Statistical issues in large complex household surveys conducted in development countries: the Lesotho National Household Health and Nutrition Survey

Paiker, Mark Joel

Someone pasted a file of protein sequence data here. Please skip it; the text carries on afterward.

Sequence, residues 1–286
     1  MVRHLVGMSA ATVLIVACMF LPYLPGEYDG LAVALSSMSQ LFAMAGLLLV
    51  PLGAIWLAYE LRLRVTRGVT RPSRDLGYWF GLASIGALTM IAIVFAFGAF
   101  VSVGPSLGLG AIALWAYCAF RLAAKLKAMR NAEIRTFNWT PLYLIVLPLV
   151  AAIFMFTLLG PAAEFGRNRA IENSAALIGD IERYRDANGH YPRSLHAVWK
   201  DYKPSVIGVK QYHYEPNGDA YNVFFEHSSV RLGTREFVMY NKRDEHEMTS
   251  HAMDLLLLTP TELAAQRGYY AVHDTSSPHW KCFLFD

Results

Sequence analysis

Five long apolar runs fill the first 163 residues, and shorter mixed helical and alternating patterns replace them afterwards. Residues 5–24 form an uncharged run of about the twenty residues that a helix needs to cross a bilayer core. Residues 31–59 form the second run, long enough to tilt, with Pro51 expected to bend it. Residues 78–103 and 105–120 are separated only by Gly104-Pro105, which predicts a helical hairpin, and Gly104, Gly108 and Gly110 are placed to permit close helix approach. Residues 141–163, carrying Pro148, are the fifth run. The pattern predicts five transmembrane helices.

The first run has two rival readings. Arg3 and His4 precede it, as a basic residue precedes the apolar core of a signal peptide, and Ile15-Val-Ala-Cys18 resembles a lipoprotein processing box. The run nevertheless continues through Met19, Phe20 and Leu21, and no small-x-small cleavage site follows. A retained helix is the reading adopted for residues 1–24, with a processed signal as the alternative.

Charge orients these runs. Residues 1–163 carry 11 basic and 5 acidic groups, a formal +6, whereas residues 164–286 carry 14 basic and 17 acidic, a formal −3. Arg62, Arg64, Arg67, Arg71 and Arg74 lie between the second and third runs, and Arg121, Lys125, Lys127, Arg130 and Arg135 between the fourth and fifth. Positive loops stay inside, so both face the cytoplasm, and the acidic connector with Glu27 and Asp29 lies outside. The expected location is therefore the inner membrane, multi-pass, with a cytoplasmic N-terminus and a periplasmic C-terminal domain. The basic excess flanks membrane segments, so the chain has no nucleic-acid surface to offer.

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The statistical issues in conducting a National Household Survey such as the Lesotho National Household Health and Nutrition Survey (NH&NS) are considered from two aspects: 1) Issues related to data processing and the management of complex survey designs such as the NH&NS and 2) issues related to the weighting and analysis of such data. The problems with short-term consultants, the need for improved management skills and quality control are addressed in this thesis. To prevent common data errors found in a survey such as the NH&NS and to speed up the release of results, recommendations of improved data collection techniques are made. Since developing countries often lack the capacity to conduct large national surveys, the proposal of a well-conducted single round instead of a multi-round survey is investigated. Calculating weighting factors can be a complicated and time- consuming process for a Bureau of Statistics in a developing country, which might prevent the early release of the results. Therefore it is shown how appropriate weighting factors for a complex survey design are generated. It is also necessary to consider the effect of clustering and stratification, whether it is for presenting results as confidence intervals or for fitting models to the data. By applying the technique of portability to surveys such as the NH&NS, much time can be saved and the results released far earlier than when more convential analysis techniques are used. Chi-square analyses of two-way tables, log-linear modelling and logistic regression are the most common analytical techniques applied to the data from such surveys. The adjustments to these techniques to compensate for a complex survey design are demonstrated. These techniques are applied to the child nutrition, maternal care, disability and injury sections of the NH&NS, with an emphasis on the child nutrition data. Various programs have been written in SAS to perform these analyses. The results generated in this thesis using these techniques should be useful to the Lesotho Ministry of Health and serve as a reference for similar health and nutrition surveys in the future.